Sam is sitting at his family’s cultural crossroads. Hungry as he is, his stomach can only fit so much, and no matter what he eats, someone will be disappointed. Auntie and Dad are from Liberia and have made rice and okra soup. Mom, who is from Minnesota, has made spaghetti and meatballs. Neither side is willing to try the other, even though Sam and his sister know how delicious both dishes are. Can they convince either parent to change their ways? With charming, chalk-like illustrations that are some of the most unique I’ve seen all summer, this short and snappy picture book is nothing short of a visual feast as well. Most suitable for kids aged 5-9, this funny and uplifting book carries an important message through a sense of childlike simplicity and hope.

The fun food references are sure to keep your kids’ attention and get their tummies’ going. Having them curious about foods from other parts of the world, it would certainly be a conversation starter! Complete with two recipes they will be excited to try at the end of the book, the whole experience feels so hands on. It has such an emphasis on cultural experiences and sharing cultures as intended. It invites the whole family to get involved, and on a deeper level, Sam reparenting his parents and having them change their ways is a nice twist that doesn’t go unappreciated by more mature readers.

Shannon Gibney is a writer, educator, activist and author of ‘See no Color’ and ‘Dream Country’, young adult novels that won Minnesota Book Awards.

Charly Palmer is a fine artist, illustrator, teacher, and mentor. His book illustrations include ‘There’s a Dragon in My Closet’, ‘Rainy Day Rocketship’ and ‘I Can Write The World.’

Yang Warriors, by Kao Kalia Yang

Yang Warriors | University of Minnesota Press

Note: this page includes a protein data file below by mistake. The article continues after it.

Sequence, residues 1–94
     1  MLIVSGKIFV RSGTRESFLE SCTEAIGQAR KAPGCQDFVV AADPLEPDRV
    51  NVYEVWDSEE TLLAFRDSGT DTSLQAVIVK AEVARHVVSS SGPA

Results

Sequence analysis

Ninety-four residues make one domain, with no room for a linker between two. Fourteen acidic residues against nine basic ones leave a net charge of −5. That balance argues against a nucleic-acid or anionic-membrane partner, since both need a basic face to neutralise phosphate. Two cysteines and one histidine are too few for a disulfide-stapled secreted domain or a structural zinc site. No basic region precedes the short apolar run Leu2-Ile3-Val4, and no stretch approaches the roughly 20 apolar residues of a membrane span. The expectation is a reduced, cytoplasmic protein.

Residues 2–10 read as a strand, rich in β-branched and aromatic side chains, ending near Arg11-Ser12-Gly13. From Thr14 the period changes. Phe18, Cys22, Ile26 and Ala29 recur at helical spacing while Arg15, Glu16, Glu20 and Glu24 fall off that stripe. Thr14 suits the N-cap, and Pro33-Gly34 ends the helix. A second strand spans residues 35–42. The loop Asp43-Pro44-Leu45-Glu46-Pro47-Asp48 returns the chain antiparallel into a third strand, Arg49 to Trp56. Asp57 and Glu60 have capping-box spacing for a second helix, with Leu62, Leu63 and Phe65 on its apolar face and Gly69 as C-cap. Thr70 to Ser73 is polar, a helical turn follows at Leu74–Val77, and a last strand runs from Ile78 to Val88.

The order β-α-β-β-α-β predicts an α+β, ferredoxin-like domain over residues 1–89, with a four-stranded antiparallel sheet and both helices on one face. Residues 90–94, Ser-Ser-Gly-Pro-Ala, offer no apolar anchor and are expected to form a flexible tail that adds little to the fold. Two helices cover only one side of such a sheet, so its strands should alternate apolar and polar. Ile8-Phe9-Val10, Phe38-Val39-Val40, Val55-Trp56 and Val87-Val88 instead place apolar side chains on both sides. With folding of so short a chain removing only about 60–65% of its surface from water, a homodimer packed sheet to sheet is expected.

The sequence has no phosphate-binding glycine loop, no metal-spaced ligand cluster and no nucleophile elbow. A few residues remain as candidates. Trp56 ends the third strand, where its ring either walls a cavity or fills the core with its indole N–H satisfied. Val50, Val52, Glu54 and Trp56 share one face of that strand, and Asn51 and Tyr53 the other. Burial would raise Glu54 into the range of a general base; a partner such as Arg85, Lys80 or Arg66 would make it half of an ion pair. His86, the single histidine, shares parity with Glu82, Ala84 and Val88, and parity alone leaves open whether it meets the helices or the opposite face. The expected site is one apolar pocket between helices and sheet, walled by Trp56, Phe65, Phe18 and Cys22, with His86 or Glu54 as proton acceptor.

Written by Kao Kalia Yang, Illustrated by Billy Thao

The Yang Warriors prepare for battle. They practice drills, balance rocks upon their heads, and wield swords under the guide of their fearless leader, ten-year-old Master Me (whose name means “little”). However, their swords are fallen branches, and the battle that they prepare for is searching for vegetables as they run low on food each day. The ten brave cousins know all too well the repercussions of being caught by the guards from leaving the camp in the search for food, but after seeing their parents thinning faces and withering crops, it is a risk they are willing to take. Emotionally charged and vivid at times, this book shows children the true meaning of poverty, fostering feelings of gratitude for what they have in their own lives, compassion for those around them, and the strength to stand up for what is right.

Written with true childlike innocence from the horrors and hardships of Ban Vinai refugee camp, where the author lived as a child, Yang’s older sister, seven-year-old, Dawb, is one of the story’s warriors. Not necessarily warriors in strength or agility, but of warriors of the heart. The children are resourceful, determined and courageous, bringing a message that is inspiring for children and adults alike. Most suitable for ages 5-10 years, this may be a tough and heartfelt read for some. It is, in essence, a tale of bravery to help young ones live fearlessly. There is a prevailing sense of hope even during a seemingly hopeless time.

Kao Kalia Yang is author of ‘The Latehomecomer’: A Hmong Family Memoir, winner of Minnesota Book Awards in both Creative Nonfiction/Memoir and Reader’s Choice, and a finalist for the PEN USA Award in Creative Nonfiction as well as the Asian Literary Award In Nonfiction.